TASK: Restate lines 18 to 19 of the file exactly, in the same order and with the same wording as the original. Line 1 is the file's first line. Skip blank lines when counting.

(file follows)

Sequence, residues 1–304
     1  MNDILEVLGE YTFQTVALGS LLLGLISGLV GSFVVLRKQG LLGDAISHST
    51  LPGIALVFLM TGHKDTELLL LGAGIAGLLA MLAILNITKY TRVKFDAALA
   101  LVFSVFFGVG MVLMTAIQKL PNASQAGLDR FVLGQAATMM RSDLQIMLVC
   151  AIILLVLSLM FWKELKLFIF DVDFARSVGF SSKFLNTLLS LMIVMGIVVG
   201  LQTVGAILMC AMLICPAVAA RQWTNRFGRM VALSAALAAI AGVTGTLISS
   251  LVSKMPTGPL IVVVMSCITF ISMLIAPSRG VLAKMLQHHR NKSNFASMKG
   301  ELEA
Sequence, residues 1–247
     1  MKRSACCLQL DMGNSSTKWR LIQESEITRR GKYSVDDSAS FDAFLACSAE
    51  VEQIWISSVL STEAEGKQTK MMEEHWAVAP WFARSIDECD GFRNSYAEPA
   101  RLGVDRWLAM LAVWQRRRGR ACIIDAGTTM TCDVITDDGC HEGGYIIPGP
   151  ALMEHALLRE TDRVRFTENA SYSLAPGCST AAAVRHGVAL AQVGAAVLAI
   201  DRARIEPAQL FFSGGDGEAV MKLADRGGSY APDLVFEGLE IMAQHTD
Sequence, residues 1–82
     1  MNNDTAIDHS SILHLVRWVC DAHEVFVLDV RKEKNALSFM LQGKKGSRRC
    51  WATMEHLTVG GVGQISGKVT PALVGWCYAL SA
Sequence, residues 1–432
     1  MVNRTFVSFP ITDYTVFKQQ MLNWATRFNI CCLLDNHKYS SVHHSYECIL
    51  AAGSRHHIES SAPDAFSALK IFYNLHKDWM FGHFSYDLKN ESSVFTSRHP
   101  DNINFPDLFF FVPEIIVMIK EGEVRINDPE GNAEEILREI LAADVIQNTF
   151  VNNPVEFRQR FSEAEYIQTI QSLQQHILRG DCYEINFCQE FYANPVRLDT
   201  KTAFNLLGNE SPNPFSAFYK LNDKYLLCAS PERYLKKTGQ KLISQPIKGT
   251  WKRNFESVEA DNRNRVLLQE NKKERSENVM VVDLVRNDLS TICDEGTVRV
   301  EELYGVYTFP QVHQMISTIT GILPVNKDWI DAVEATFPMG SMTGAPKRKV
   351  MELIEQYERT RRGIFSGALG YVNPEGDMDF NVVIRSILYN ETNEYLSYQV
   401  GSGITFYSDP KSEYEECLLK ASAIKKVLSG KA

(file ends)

Sequence, residues 1–432
     1  MVNRTFVSFP ITDYTVFKQQ MLNWATRFNI CCLLDNHKYS SVHHSYECIL